A Florida bank, which has already been sued by shareholders and ordered by regulators to abandon an unsafe construction loan program, is now facing a lawsuit from 175 borrowers who claim the bank was operating a flipping scam. Denying that it engaged in fraud, a bank spokesman said the borrowers will be expected to repay the loans.
Coast Bank was hit with the lawsuit over allegations a former vice president of the beleaguered bank persuaded them to participate in a scam to flip newly constructed homes for substantial profit.
The borrowers say the former head of the bank’s residential loan department “concocted a scheme by which individual investors would be solicited to purchase residential lot/home packages in Florida with the promise of no money down … with the intent that the completed packages would be sold at a substantial profit before the issuance of the certificate of occupancy for the home.”
Instead, the borrowers say they have been left with unimproved lots and unfinished homes in Sarasota County that have been tied up in the builder’s bankruptcy. According to the lawsuit, the builder stopped work on the homes in November 2006 and filed for bankruptcy in April 2007.
The plaintiffs also claim the bank and American Mortgage Link, the only mortgage company named in the lawsuit, extracted excessive fees, some of which were not disclosed. American Mortgage could not be reached for comment.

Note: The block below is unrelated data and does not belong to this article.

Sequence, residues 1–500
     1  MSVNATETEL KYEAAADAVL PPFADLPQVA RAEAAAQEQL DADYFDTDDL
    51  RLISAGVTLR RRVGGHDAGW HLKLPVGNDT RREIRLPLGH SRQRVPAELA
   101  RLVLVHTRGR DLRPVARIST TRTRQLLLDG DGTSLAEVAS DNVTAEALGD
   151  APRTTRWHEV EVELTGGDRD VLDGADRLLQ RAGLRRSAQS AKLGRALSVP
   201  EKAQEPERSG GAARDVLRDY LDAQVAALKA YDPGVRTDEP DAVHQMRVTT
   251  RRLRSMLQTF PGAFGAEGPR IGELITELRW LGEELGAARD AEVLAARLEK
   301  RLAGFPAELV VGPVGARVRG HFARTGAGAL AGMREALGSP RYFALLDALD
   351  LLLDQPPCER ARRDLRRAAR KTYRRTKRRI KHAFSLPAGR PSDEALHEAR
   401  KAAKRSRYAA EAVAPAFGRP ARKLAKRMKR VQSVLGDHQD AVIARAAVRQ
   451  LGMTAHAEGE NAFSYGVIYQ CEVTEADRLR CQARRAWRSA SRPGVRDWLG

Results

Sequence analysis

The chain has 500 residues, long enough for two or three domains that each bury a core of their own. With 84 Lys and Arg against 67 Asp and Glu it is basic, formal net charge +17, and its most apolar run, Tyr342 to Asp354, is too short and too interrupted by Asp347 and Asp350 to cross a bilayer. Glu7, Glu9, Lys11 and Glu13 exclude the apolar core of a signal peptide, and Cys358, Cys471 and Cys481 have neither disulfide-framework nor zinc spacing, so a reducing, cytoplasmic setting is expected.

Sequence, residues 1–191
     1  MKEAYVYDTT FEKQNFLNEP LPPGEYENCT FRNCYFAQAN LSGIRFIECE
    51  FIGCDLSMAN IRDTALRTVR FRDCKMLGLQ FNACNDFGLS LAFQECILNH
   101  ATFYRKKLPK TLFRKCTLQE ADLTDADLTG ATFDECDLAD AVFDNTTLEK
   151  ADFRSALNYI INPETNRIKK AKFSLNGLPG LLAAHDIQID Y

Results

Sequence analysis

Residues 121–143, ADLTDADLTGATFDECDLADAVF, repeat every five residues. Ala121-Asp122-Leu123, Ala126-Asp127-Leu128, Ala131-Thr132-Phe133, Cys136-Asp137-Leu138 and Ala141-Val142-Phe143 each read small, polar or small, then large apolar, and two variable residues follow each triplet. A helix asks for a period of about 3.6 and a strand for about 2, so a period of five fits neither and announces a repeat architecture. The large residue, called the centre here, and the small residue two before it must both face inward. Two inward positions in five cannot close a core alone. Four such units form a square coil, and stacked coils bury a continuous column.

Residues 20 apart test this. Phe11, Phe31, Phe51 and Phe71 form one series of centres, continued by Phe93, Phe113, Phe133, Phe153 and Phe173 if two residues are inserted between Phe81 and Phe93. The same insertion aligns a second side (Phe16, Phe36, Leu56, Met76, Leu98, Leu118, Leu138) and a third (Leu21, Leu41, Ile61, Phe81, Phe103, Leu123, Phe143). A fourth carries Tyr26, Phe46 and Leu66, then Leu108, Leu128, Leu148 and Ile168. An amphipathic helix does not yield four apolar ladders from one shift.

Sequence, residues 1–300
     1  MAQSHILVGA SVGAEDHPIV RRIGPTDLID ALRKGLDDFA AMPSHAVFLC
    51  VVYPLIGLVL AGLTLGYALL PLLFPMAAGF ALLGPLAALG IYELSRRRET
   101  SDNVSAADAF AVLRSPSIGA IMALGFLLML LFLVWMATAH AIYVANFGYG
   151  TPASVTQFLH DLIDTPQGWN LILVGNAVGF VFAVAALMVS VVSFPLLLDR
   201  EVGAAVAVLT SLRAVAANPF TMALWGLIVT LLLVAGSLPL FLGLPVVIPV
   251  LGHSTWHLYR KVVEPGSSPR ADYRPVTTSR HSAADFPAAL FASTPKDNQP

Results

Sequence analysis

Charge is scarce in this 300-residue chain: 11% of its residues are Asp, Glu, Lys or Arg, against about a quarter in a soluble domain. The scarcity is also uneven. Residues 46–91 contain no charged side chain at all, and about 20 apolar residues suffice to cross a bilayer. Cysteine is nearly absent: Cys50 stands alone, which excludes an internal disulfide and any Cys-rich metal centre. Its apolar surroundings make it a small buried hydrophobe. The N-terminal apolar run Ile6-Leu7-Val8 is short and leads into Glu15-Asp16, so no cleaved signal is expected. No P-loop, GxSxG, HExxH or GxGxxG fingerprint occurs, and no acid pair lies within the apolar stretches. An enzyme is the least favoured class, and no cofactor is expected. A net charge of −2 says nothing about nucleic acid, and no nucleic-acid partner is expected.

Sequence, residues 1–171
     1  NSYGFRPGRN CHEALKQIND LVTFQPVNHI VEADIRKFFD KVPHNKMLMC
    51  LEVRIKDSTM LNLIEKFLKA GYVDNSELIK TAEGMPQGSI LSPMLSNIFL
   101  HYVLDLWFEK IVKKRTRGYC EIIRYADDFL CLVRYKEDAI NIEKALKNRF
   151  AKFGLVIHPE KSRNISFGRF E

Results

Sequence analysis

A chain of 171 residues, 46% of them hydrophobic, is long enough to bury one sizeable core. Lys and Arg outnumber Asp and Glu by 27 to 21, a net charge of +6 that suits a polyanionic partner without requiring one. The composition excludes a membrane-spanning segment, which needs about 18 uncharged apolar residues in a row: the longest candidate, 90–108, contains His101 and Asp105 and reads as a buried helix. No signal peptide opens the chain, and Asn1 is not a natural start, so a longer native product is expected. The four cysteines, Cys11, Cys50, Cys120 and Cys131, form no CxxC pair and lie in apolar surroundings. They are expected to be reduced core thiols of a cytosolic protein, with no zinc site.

Bank spokesman Tramm Hudson said that, while the bank has been attempting to work with the borrowers, its efforts have been hampered by the builder’s bankruptcy filing. He also pointed out that the bank did not solicit the investors’ business; rather, it was offered loan packages that already included a mortgage broker, investor and builder.
“We will enforce our contract remedies under the notes and the mortgages,” Hudson said.
Plaintiffs’ attorney Alan Tannenbaum said Coast was “hijacked” by the loan officer it made head of its residential lending department. Tannenbaum said the originator wrote about 500 of the deals in his two-and-a-half year tenure with the Florida-based bank. Tannenbaum also said the originator’s wife formerly headed up the bank’s processing department.
The borrowers have asked the court to rescind the mortgages and have accused Coast of fraud, breach of fiduciary duty by failing to protect the borrowers and racketeering.
The disgruntled borrowers aren’t the only ones going after Coast.
Regulators issued a “cease-and-desist” order against the bank earlier this year, criticizing its directors and management for “unsafe or unsound banking practices” in regard to its residential construction loan program. In agreeing to the order, the bank neither denied nor admitted any unsafe or unsound banking practice or any legal or regulatory violations.
In addition, Coast Bank shareholders have also filed suit against the company.